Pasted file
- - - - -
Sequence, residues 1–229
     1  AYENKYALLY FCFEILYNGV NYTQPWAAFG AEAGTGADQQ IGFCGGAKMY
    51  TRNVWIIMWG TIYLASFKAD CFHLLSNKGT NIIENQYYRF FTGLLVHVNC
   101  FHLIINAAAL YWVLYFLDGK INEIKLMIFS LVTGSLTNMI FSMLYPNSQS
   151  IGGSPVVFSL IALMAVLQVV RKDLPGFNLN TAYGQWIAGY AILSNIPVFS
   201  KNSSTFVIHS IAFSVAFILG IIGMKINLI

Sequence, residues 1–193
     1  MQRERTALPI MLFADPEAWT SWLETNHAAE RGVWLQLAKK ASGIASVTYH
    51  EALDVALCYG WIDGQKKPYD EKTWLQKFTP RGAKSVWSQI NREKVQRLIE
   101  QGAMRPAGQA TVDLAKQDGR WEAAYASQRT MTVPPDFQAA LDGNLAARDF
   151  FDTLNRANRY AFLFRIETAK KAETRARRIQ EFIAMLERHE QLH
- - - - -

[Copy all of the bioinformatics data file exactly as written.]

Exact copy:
Sequence, residues 1–229
     1  AYENKYALLY FCFEILYNGV NYTQPWAAFG AEAGTGADQQ IGFCGGAKMY
    51  TRNVWIIMWG TIYLASFKAD CFHLLSNKGT NIIENQYYRF FTGLLVHVNC
   101  FHLIINAAAL YWVLYFLDGK INEIKLMIFS LVTGSLTNMI FSMLYPNSQS
   151  IGGSPVVFSL IALMAVLQVV RKDLPGFNLN TAYGQWIAGY AILSNIPVFS
   201  KNSSTFVIHS IAFSVAFILG IIGMKINLI

Sequence, residues 1–193
     1  MQRERTALPI MLFADPEAWT SWLETNHAAE RGVWLQLAKK ASGIASVTYH
    51  EALDVALCYG WIDGQKKPYD EKTWLQKFTP RGAKSVWSQI NREKVQRLIE
   101  QGAMRPAGQA TVDLAKQDGR WEAAYASQRT MTVPPDFQAA LDGNLAARDF
   151  FDTLNRANRY AFLFRIETAK KAETRARRIQ EFIAMLERHE QLH